For 175 years, Jewish Care has responded to community needs and provided care and support to the most vulnerable in the Victorian Jewish community. Jewish Care will celebrate its 175th Anniversary on 19 November 2023 and is the oldest continually running philanthropic organisation in Melbourne.
The Melbourne Jewish Philanthropic Society was founded in 1848 by Jewish philanthropists at the Rainbow Tavern in Swanston Street to support Jewish immigrants arriving in Melbourne – when the community only numbered 200 people.
Professor John Zeleznikow's family received help from the Australian Jewish Welfare and Relief Society when they arrived in Melbourne as refugees from Europe in 1951. Volunteers met them as they disembarked at Station Pier and helped them find accommodation and work.
“My parents, Avram and Masha Zeleznikow z’l received an interest-free loan from Jewish Welfare to purchase a cafe in St Kilda and called it Café Scheherazade – which became an iconic cultural institution in St Kilda and a refuge for many Holocaust survivors,” said Professor John Zeleznikow.
“This financial support was pivotal to my parents establishing a successful and profitable business which enabled them to give back to the community that supported them.”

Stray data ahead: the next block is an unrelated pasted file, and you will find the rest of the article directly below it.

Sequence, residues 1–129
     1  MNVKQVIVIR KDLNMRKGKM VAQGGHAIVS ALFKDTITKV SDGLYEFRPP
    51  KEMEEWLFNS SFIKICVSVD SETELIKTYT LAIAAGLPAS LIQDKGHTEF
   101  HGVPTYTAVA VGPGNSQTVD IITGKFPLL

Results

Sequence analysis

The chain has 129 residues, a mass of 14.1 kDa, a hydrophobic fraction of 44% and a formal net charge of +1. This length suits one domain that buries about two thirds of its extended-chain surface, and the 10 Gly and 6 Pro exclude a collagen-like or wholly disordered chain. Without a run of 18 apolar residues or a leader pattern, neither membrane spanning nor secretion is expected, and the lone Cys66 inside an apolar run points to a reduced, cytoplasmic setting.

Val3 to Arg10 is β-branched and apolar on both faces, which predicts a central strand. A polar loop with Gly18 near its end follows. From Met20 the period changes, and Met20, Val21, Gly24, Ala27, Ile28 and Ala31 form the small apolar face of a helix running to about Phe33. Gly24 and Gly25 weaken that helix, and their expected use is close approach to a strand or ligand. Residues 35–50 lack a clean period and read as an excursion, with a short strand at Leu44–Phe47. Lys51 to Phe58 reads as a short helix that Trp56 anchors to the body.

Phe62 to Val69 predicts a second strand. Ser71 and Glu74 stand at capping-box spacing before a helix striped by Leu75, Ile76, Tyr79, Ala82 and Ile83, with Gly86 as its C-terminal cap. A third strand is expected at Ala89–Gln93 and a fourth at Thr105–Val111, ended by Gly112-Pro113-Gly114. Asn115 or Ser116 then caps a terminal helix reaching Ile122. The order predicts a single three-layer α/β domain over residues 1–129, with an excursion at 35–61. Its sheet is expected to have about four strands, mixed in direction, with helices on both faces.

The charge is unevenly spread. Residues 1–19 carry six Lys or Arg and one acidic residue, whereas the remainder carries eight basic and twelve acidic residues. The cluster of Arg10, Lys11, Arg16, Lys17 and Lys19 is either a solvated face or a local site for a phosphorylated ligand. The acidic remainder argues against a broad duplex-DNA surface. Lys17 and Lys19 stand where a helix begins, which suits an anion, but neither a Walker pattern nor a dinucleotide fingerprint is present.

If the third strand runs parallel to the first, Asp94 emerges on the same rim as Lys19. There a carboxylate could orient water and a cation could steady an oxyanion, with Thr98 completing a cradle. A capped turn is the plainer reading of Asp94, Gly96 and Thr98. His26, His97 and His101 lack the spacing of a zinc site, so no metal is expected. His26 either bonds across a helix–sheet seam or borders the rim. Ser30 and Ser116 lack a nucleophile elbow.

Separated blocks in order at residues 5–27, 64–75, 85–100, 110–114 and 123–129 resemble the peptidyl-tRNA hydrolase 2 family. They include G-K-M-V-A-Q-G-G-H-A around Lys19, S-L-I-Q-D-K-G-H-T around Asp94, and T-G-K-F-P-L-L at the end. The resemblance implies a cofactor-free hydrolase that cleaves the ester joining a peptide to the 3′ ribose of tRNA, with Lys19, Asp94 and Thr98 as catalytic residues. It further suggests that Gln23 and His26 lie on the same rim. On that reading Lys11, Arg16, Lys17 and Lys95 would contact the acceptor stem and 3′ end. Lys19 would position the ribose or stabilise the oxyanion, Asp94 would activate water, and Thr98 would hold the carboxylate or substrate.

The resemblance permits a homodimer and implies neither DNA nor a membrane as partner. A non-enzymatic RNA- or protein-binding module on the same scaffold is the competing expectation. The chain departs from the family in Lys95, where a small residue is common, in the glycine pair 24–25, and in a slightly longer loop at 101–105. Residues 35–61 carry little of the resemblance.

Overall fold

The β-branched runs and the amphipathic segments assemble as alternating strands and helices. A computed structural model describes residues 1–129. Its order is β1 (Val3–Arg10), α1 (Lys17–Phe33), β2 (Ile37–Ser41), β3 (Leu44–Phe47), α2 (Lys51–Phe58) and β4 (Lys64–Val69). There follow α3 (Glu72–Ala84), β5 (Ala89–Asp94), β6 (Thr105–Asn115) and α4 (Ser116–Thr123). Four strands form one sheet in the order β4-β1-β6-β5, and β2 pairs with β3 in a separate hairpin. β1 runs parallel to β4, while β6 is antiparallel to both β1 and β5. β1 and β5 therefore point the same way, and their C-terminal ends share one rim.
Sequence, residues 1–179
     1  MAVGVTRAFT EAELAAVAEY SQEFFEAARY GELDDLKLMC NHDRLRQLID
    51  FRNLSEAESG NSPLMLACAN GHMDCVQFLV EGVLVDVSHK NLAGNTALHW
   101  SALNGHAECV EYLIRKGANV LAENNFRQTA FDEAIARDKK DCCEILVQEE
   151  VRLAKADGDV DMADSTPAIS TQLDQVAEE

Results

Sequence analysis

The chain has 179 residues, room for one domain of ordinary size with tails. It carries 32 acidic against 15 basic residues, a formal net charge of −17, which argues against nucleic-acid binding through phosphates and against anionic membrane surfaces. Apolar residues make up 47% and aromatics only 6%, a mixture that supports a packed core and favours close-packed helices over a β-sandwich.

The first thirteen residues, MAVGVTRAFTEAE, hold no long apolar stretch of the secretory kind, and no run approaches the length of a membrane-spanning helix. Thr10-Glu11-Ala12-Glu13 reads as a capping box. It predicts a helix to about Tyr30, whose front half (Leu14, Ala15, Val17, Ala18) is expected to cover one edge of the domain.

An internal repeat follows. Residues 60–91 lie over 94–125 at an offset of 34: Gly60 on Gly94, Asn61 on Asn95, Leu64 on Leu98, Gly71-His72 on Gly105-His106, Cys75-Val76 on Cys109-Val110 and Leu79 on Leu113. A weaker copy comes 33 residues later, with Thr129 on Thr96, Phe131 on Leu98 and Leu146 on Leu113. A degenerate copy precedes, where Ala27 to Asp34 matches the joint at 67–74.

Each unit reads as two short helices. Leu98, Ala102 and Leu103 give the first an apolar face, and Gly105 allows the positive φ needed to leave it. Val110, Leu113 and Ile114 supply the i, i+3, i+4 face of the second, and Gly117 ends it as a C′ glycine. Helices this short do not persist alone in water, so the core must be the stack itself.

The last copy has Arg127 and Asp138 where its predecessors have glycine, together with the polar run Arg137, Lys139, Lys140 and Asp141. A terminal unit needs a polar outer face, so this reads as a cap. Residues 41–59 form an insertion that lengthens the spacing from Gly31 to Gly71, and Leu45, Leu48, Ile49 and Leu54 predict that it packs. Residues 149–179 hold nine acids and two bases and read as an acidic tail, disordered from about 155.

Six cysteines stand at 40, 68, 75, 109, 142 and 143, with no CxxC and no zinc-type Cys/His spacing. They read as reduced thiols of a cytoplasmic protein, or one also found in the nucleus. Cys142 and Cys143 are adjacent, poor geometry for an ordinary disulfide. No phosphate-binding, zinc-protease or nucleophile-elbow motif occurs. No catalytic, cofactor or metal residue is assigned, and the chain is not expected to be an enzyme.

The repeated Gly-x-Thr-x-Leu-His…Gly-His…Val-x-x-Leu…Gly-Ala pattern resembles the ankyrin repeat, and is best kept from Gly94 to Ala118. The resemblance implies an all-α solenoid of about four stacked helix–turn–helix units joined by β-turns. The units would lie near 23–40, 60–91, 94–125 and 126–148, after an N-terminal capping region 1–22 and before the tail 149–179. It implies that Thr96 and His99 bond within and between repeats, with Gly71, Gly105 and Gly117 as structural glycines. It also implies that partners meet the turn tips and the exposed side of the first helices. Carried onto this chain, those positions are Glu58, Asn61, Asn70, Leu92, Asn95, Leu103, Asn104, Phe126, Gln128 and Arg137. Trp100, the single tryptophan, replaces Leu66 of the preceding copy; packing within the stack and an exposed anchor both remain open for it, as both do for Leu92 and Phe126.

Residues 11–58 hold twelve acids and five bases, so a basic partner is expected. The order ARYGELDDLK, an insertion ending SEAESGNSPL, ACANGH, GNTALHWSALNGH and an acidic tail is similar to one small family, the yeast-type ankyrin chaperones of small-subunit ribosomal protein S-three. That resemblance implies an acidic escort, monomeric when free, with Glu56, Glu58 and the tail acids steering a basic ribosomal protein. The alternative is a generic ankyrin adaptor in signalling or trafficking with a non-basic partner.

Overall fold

Professor John Zeleznikow has volunteered with Jewish Care for an incredible 50 years and in 1973, he was the youngest person at 23 to be appointed to the Australian Jewish Welfare and Relief Society Board, one of Jewish Care’s predecessor organisations. Today, John sits on Jewish Care’s Quality & Service Review Board Committee.
An avid athlete, John has completed 200 marathons since 1971 in many countries around the world and has raised thousands of dollars for Jewish Care in the process.
Jewish Care Chief Executive, Adjunct Professor Alan Lilly said “We are extremely lucky to have dedicated community members like John, who donate their valuable time to improve the lives of others in our community.”
“The success of Jewish Care can be attributed to the support it receives from the close-knit community and its ability to adapt and evolve to ensure it remains relevant to the needs of the Jewish community,” added Adjunct Professor Alan Lilly.
In the 2022 financial year, Jewish Care received over 13,000 calls for assistance and provided 222 families with financial aid to cover essential expenses.
“This year, the Jewish community donated an incredible $3.84 million dollars through Jewish Care’s Annual Appeal, which supports vulnerable members of the community experiencing housing insecurity, unemployment, financial issues, family violence, mental health issues and parenting concerns,” said Adjunct Professor Alan Lilly.
These programs receive little or no government funding and it is through the generosity of the community that Jewish Care is able to provide these essential services
Today, the Jewish community numbers 50,000 as a result of post-war immigration. Priorities have shifted from initial resettlement to supporting the community with social services, residential and community-based aged care, disability support and Holocaust survivor programs.
Rosanne McMaster, Communications Specialist
Tel. (03) 8517 5718 / 0414805434 Email: [email protected]
Website: www.jewishcare.org.au : Twitter @jewishcarevic\